March 31, 2009 / 2:04 PM / 10 years ago

Olympic "wave" roof goes up on aquatics center

LONDON (Reuters Life!) - One of the most architecturally dramatic features of the 2012 London Olympic buildings — the sweeping, wave-shaped roof to the aquatics center — has begun to be lifted into place.

The Aquatics Centre in an image courtesy of London 2012. REUTERS/London 2012/Handout

Designed by Iraqi-born architect Zaha Hadid, the center will mark the gateway to the Olympic Park in Stratford, east London.

Originally estimated to cost 73 million pounds ($104.6 million), it is now estimated to come in at 251 million pounds, despite the stingray-shaped roof being scaled down and redesigned amid cost fears.

A bridge connecting the roof to the main park will cost another 61 million pounds.

“The design of the roof is iconic and will be one of the lasting images of the London 2012 Games,” said Sebastian Coe, chairman of the London 2012 Organizing Committee (locog), responsible for staging the Games.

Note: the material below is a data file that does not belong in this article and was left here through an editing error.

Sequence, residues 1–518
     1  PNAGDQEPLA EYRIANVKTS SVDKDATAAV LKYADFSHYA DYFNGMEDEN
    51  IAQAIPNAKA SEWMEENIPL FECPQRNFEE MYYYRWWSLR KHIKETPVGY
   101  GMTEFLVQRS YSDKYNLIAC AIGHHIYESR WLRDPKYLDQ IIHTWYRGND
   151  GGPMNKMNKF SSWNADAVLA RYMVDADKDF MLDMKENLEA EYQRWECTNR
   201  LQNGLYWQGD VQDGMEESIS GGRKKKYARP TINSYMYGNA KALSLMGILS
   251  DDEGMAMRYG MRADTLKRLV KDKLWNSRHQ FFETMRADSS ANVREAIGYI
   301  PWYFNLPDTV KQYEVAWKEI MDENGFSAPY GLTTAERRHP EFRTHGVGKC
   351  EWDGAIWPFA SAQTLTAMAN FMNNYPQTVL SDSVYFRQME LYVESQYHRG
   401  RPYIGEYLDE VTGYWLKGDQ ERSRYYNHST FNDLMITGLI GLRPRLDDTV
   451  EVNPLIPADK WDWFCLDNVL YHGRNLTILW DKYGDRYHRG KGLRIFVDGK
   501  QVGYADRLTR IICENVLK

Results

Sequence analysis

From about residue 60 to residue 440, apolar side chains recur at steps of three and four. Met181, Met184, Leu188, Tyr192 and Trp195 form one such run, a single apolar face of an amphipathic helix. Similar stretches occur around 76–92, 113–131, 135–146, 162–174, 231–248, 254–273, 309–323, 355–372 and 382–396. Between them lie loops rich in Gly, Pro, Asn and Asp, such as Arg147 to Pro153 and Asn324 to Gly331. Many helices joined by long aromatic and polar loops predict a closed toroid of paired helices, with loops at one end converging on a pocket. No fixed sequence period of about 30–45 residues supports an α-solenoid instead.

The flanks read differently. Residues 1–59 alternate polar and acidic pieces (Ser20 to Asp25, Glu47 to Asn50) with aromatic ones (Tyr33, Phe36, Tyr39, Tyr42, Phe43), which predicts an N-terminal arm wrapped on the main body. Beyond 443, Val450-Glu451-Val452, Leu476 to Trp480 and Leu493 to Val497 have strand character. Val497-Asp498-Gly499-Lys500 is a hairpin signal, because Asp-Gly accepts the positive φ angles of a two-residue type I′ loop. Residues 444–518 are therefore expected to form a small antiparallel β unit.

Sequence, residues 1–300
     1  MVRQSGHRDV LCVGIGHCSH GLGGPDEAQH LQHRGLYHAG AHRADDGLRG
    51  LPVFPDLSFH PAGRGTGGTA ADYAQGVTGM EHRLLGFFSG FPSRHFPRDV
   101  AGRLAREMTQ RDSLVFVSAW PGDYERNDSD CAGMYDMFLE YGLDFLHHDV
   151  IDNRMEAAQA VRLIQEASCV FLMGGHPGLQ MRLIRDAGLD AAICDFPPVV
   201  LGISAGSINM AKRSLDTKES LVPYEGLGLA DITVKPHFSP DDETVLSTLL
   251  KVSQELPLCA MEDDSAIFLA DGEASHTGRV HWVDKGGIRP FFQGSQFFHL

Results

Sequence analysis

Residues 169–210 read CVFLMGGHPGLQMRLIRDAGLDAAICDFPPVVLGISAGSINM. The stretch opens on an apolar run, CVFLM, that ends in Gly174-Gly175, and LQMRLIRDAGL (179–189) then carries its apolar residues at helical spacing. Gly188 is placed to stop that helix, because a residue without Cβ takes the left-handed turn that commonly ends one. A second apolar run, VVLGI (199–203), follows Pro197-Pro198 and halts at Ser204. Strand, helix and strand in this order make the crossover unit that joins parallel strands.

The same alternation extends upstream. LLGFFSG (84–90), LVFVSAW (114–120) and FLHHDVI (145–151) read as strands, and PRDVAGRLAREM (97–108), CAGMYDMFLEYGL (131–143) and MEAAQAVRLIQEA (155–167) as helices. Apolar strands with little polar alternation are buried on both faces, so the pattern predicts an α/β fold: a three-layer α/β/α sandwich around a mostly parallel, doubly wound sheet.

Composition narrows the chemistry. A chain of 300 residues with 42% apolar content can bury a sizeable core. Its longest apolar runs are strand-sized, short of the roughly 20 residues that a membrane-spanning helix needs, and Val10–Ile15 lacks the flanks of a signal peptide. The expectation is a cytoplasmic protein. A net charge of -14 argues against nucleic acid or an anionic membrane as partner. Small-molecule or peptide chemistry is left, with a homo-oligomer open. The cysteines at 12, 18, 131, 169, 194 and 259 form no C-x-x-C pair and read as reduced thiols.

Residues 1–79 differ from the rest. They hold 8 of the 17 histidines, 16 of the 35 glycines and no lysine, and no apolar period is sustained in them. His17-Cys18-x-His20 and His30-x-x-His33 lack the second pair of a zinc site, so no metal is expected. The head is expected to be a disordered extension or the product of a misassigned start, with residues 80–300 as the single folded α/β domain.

The 160-meter long column-free roof is made up of steel, aluminum covering and timber cladding and will rest on two concrete supports at one end and a supporting wall at the other.

Erecting it will be one of the most complex engineering operations of the Olympic construction work.

The 17,500 seat center will host swimming, diving and water polo during the Games, but will be reduced to 2,500 seats afterwards.

“The Aquatics Center is on track to be a fantastic gateway to the Games,” said David Higgins, chief executive of the Olympic Delivery Authority, responsible for building the venues.

“The lift of the sweeping wave-shaped roof is one of the toughest construction and engineering challenges on the Olympic Park and will showcase the world class expertise involved in delivering the venues and infrastructure for London 2012.”

British builder Balfour Beatty was the only company left in the bidding for construction after France’s Eiffel and Germany’s Hochtief withdrew.

The area, on a former industrial site, was severely polluted with oil, tar, solvents and heavy metals such as arsenic and lead in the soil, which had to be cleared and decontaminated.

Four skeletons from a prehistoric settlement were also removed.

Reporting by Avril Ormsby; Editing by Steve Addison and Paul Casciato

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